New Scholarship Increases Gender Equality in Game Design


Jhishan Khan

Women play video games just as much as men but are vastly outnumbered on the design side of the industry. A new NYU scholarship hopes to change that.

Herman Lee, Staff Writer

While nearly as many women play video games as men do, the video game development industry is disproportionately male — they make up 75 percent of the workforce. The NYU Game Center wants to change this disproportionality with the Barlovento Scholarship for Women in Games.

The NYU Game Center partnered with the Barlovento Foundation, a private grant making foundation, to create the scholarship. It is open to all women pursuing an MFA in game design through Tisch and pays recipients’ full tuition fees. The scholarship finances one woman at a time: it chooses one woman to support every two years, funds her two year MFA tuition and will continue over a span of six years — supporting three women in total.

Frank Lantz, the director of the Game Center, said he believes that this scholarship is mutually beneficial to both women pursuing this vocation and the video game industry.

“One of the issues facing game development is lack of diversity in the developers community,” Lantz said. “It is often very difficult for a woman to enter the field and survive in game development, so we have been making efforts to reach out to young women who are interested in games as their central career.”

While women are historically underrepresented in the technology industry, the gender gap is magnified in various video game industry divisions: women only comprise three percent of programmers and 12 percent of game designers.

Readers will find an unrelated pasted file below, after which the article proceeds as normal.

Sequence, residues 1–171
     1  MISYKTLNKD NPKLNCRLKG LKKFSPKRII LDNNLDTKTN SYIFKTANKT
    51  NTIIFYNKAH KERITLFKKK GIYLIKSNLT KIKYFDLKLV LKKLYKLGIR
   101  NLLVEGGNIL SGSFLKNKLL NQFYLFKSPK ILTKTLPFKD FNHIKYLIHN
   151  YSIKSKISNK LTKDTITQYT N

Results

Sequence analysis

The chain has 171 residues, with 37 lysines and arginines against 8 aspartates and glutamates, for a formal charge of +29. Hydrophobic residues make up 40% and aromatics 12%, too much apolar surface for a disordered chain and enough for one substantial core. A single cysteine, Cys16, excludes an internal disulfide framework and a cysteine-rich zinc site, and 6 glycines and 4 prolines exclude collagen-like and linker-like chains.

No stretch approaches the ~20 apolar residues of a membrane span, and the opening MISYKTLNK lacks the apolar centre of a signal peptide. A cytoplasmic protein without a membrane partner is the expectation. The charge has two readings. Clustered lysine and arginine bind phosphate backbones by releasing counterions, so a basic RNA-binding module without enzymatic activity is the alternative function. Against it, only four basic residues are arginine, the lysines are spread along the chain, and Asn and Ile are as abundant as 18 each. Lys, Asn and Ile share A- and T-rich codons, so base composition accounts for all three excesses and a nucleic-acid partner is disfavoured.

Game Design MFA candidate Jennifer Helen Allaway is a contributing member of Gamasutra, a game development magazine, and she said that the efforts of the Game Center and the Barlovento Foundation will help make the field more inclusive, especially as sexism prevails in the games industry.

“This scholarship is necessary, because the only way to end the prolific amounts of sexism in the game industry is to have more women who work in it,” Allaway said. “By creating this scholarship, the faculty is openly supporting marginalized folk, including trans women, getting into game industry careers, and therefore reducing industry sexism.”

She thinks that because the scholarship recognizes female marginalization, many women will apply for it. Game Design first year grad student Anuva Aranee also thinks it will be attractive for women in the field, because she believes it is a great incentive for women worldwide to pursue a career in the video game industry. Aranee said that women in her home country of Bangladesh do not have the opportunity or resources to study in this field.

“I think what NYU did in bringing more women into this industry by providing them [a] scholarship was one of the best decisions they made,” Aranee said. “I’m proud to be a student of such a reputed school which takes initiative to help women grow and make changes in their vision through games.”

Lantz said he feels that this scholarship also acts as a symbolic gesture of support for women in the games industry.

“We’re hoping that it will have an impact not just on [women in the video game industry] that we are going to be helping directly,” Lantz said. “We are hoping to help send a message that games need more women developers.”

Email Herman Lee at [email protected].